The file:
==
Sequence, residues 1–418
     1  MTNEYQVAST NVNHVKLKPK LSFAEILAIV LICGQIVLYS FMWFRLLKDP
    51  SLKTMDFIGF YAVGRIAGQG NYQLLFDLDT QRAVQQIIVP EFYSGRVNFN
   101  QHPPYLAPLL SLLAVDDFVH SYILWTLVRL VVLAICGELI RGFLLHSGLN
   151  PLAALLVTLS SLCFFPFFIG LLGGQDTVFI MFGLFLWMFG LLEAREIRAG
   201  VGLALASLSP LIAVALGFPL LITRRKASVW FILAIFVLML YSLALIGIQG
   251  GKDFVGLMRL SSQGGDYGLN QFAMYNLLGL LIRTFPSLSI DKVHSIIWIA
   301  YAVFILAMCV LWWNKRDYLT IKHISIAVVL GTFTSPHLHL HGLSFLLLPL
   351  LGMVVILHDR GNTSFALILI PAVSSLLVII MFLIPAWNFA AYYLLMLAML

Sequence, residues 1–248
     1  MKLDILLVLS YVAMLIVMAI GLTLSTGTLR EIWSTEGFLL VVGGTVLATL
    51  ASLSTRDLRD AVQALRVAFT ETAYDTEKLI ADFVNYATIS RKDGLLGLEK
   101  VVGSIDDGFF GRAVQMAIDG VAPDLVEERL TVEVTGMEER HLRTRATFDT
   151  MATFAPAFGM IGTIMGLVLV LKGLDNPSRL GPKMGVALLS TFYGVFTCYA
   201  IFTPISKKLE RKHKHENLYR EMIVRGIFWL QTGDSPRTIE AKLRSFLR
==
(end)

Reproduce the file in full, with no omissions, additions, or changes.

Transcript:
Sequence, residues 1–418
     1  MTNEYQVAST NVNHVKLKPK LSFAEILAIV LICGQIVLYS FMWFRLLKDP
    51  SLKTMDFIGF YAVGRIAGQG NYQLLFDLDT QRAVQQIIVP EFYSGRVNFN
   101  QHPPYLAPLL SLLAVDDFVH SYILWTLVRL VVLAICGELI RGFLLHSGLN
   151  PLAALLVTLS SLCFFPFFIG LLGGQDTVFI MFGLFLWMFG LLEAREIRAG
   201  VGLALASLSP LIAVALGFPL LITRRKASVW FILAIFVLML YSLALIGIQG
   251  GKDFVGLMRL SSQGGDYGLN QFAMYNLLGL LIRTFPSLSI DKVHSIIWIA
   301  YAVFILAMCV LWWNKRDYLT IKHISIAVVL GTFTSPHLHL HGLSFLLLPL
   351  LGMVVILHDR GNTSFALILI PAVSSLLVII MFLIPAWNFA AYYLLMLAML

Sequence, residues 1–248
     1  MKLDILLVLS YVAMLIVMAI GLTLSTGTLR EIWSTEGFLL VVGGTVLATL
    51  ASLSTRDLRD AVQALRVAFT ETAYDTEKLI ADFVNYATIS RKDGLLGLEK
   101  VVGSIDDGFF GRAVQMAIDG VAPDLVEERL TVEVTGMEER HLRTRATFDT
   151  MATFAPAFGM IGTIMGLVLV LKGLDNPSRL GPKMGVALLS TFYGVFTCYA
   201  IFTPISKKLE RKHKHENLYR EMIVRGIFWL QTGDSPRTIE AKLRSFLR